The collection was saved by the heroic efforts of a few individuals, notably Mrs Yang Chang Man, Professor Roland Sharma and Professor Lam Toong Jin from NUS and Mr Eric Alfred from the National Museum. President Tony Tan, when he was education minister, opened the Zoological Reference Collection in 1988. Deputy Prime Minister Teo Chee Hean, when he was education minister, opened the Raffles Museum of Biodiversity Research (RMBR) in 2001.
In 2004, I was the chairman of the National Heritage Board. After visiting RMBR that year, I wrote to the then president of NUS, Professor Shih Choon Fong, and proposed that NUS should build a museum of natural history to display its world-class collections of fauna and flora. Prof Shih and his successor, Prof Tan Chorh Chuan, were interested in the idea but had no money to build such a museum.
It took the combination of Prof Leo Tan and Prof Peter Ng, who raised $56 million, to turn my vision into reality. The remarkable story of Singapore's natural history museum has been told by Dr Kevin Tan, in his book Of Whales And Dinosaurs.
The LKCNHM has inherited the Raffles Collection, which consists of 566,500 lots of plankton, insects, crustaceans, fishes, shells, birds, mammals, amphibians, spiders, worms, reptiles, corals and sea stars. The museum's collection continues to grow because of research activities and now stands at a million specimens. New species are being discovered all the time. Selected specimens are beautifully displayed in the museum.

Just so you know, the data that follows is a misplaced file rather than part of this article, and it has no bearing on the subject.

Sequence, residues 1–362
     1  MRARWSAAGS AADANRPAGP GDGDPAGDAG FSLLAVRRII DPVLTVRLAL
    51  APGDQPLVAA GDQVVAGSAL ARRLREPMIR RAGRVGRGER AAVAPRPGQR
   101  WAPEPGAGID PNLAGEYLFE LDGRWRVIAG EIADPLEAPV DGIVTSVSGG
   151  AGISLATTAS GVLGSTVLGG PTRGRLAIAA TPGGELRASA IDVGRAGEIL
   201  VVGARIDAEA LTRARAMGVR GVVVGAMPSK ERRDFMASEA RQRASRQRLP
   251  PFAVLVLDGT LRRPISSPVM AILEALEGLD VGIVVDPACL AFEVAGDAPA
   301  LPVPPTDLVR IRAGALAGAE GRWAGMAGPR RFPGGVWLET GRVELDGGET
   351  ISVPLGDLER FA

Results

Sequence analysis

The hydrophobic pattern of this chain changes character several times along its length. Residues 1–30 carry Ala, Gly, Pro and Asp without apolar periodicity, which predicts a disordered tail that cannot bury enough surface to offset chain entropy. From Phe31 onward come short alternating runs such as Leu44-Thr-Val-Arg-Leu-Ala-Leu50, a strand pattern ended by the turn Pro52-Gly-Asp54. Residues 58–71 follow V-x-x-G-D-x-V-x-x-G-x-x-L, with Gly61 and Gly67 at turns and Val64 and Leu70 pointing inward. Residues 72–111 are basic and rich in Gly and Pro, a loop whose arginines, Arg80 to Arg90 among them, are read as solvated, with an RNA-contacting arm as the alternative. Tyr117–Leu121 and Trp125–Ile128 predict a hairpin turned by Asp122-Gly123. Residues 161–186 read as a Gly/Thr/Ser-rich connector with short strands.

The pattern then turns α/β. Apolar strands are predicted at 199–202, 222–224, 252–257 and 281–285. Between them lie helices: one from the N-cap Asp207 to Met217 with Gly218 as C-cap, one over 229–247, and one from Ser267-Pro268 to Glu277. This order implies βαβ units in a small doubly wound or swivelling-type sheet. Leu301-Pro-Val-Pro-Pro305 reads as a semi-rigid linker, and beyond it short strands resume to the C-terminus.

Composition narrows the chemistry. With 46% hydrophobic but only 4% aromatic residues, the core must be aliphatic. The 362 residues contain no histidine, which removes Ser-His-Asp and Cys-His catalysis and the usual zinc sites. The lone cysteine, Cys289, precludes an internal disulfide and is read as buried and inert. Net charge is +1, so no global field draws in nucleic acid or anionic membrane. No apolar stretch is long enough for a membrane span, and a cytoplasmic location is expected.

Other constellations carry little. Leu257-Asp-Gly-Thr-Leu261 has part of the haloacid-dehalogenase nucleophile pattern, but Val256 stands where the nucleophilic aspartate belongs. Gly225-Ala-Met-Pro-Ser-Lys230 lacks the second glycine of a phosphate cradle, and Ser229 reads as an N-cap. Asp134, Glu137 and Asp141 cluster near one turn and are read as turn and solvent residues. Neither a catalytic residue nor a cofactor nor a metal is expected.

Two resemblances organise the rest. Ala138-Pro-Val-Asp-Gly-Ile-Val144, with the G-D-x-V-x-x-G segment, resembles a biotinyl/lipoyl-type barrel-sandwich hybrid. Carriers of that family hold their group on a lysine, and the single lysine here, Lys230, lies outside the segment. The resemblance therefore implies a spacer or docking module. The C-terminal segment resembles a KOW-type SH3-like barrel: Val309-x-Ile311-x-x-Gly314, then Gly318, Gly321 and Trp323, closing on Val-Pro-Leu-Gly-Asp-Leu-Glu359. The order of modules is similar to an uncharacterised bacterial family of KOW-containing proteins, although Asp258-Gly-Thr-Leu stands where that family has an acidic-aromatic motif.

WHAT are the museum's star pieces? Without doubt, the biggest star attraction consists of three original dinosaur fossils. The diplodocid sauropods, which were herbivores, were found together at a quarry in Wyoming in the United States.
Another star piece is a small bird, an Asian brown flycatcher, which belonged to the collection of the great naturalist, Alfred Russel Wallace. Wallace and Charles Darwin had, independently of each other, simultaneously developed the theory of evolution. Unlike Darwin, Wallace spent several years in Singapore.
Also a top attraction is the cream-coloured giant squirrel (Ratufa affinis). Sir Stamford first described this species from Singapore in 1821. It was last sighted in 1995 and is feared to be extinct in Singapore.
The dodo bird has become an icon for extinction. There is a wonderful model at the museum, together with a set of genuine bones on loan from Oxford University. I hope that when visitors see this exhibit, they will pause for a moment to reflect on the unsustainable speed at which we are losing our biodiversity.
The museum will attract many visitors. It will share with its visitors the message to love nature and to conserve nature.
The museum will be used by students and scholars for study and research. It will also become a centre for intellectual exchange and for discourse on natural history. I hope that visitors will be inspired by the museum and its message.
The writer is the chairman of the Advisory Board of the Lee Kong Chian Natural History Museum.